AMCU PRESIDENT Joseph Mathunjwa is making “crazy demands” as the union loses members, according to mining analyst René Hochreiter. Simphiwe Mbokazi African News Agency (ANA)
The demand by the Association of Mineworkers and Construction Union (Amcu) for a minimum wage of R17000 a month was unaffordable in an industry that has been battling to contain rising input costs, including electricity tariffs, according to Sibanye-Stillwater.

Amcu is the biggest union on the platinum belt.

Amcu president Joseph Mathunjwa said on Friday that the union believed that R17000 was the minimum amount that a worker needed as a basic salary. Monthly salaries could reach R30000 if benefits, including living out allowances and pension, were factored in, he said.

“It is a small price for the hard work and daily risks to life and limb our members face,” Mathunjwa said. Currently, entry-level employees earned R11500 a month.

Mathunjwa said the union had abandoned its “signature” R12500 monthly demand because it had been “eroded by inflation”.

Mineworkers had demanded a R12500 monthly wage during the 2012 unprotected strike that resulted in the Marikana massacre.

Mathunjwa said the mining houses could not plead poverty in the coming negotiations because, since 2016, the price of rhodium had risen by 300percent to $2645 (R39124) an ounce in February, and the price of palladium by 150percent to $1488 an ounce.

“We are really glad that it is going so well with platinum and it is high time that the bosses share their hyper-profits with the workers who toil every day,” said Mathunjwa.

Amcu represents more than 60000 mineworkers in the platinum industry in companies including Sibanye-Stillwater, Anglo American Platinum and Impala Platinum.

Sibanye-Stillwater spokesperson James Wellsted said the R17000 wage demand was impractical and unaffordable.

“From Sibanye-Stillwater’s perspective we cannot accede to unaffordable demands that threaten the sustainability of our operations, as this will negatively affect all stakeholders, particularly the communities and businesses in the Rustenburg region that rely on the mines,” said Wellsted.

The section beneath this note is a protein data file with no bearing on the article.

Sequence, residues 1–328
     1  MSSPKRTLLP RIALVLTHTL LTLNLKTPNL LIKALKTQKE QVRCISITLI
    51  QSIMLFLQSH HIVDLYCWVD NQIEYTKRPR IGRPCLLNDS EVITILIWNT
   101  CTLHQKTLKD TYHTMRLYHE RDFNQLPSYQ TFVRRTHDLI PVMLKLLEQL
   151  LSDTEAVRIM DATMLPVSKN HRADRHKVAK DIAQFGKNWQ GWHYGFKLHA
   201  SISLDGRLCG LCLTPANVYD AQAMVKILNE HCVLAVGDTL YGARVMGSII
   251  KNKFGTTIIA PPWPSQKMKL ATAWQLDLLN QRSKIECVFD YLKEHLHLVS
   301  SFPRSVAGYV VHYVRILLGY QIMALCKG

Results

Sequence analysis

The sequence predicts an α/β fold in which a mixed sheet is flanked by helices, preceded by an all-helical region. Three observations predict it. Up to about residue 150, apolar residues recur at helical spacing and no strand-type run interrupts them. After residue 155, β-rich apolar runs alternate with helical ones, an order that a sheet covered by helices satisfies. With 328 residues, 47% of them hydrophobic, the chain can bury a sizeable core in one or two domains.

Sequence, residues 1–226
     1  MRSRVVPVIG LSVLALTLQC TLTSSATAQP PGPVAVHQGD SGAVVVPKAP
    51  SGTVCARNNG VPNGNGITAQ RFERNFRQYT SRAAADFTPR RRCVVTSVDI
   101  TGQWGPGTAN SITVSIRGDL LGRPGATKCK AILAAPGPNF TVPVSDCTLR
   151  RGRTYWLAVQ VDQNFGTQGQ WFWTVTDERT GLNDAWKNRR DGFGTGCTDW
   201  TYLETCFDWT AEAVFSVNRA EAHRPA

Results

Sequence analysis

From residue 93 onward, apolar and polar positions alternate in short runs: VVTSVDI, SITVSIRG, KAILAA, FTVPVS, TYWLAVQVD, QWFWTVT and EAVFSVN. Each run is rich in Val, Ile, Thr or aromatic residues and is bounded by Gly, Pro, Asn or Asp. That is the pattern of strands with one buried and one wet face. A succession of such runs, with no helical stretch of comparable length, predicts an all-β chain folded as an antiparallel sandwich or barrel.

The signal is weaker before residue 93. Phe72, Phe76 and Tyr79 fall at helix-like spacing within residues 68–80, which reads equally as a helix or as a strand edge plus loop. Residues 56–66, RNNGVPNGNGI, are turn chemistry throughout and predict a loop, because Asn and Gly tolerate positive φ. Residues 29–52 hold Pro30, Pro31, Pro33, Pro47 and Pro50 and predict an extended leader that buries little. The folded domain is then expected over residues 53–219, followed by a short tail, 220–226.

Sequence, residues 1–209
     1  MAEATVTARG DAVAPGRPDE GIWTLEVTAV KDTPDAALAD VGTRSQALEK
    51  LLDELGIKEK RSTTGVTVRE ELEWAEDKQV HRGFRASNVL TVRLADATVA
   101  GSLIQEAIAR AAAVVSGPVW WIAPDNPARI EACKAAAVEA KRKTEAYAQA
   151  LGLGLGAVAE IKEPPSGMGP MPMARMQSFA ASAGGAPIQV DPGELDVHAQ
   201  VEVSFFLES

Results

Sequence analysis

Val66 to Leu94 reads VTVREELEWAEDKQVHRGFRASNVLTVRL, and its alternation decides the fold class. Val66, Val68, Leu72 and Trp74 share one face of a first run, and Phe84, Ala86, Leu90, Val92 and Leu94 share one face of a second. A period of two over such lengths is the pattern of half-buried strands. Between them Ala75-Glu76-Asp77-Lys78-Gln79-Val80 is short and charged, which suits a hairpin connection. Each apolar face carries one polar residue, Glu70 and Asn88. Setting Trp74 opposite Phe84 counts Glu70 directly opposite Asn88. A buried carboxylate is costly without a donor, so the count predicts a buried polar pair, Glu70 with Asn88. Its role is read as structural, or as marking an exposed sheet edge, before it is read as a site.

He said the platinum price was at its lowest level since just after the global financial crisis, and it was only in the past eight months that the basket price, driven by palladium and rhodium and a weaker rand, had exceeded average industry costs.

“For years prior to this the industry has made significant losses and has had to curtail capital investment in order to survive, with many jobs having been lost as a result.”

With unavoidable cost pressures already coming from spiralling electricity costs from Eskom, excessive demands of this nature would threaten the future of the industry and with it many more jobs, he said.

Sibanye-Stillwater employs 90000 people following its merger with Lonmin. Amcu led a five-month strike at Sibanye-Stillwater’s gold operation in April.

Wellsted said following the conclusion of the strike at the company the union had agreed that there was a need for a constructive working relationship.

“We hope that Amcu will honour its commitments and consider the long-term viability of the operations and employment in the region during the upcoming wage negotiations,” he said.

Analysts have said Amcu had lost support from its members following the strike at Sibanye-Stillwater.

René Hochreiter, a mining analyst at Noah Capital Markets, said the demand was unrealistic.

“Amcu is in total panic and losing members, otherwise why would they make such crazy demands?”

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